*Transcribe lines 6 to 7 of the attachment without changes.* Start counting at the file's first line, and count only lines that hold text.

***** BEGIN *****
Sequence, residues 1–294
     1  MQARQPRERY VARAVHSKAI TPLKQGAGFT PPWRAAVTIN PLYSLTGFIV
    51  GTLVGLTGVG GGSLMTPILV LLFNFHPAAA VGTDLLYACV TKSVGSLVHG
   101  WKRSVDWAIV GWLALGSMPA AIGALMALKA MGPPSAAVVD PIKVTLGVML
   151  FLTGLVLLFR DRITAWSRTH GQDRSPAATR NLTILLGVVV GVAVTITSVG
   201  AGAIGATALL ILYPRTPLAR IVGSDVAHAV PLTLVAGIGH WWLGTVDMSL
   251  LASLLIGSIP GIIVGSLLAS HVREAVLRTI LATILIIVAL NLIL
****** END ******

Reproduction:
   201  AGAIGATALL ILYPRTPLAR IVGSDVAHAV PLTLVAGIGH WWLGTVDMSL
   251  LASLLIGSIP GIIVGSLLAS HVREAVLRTI LATILIIVAL NLIL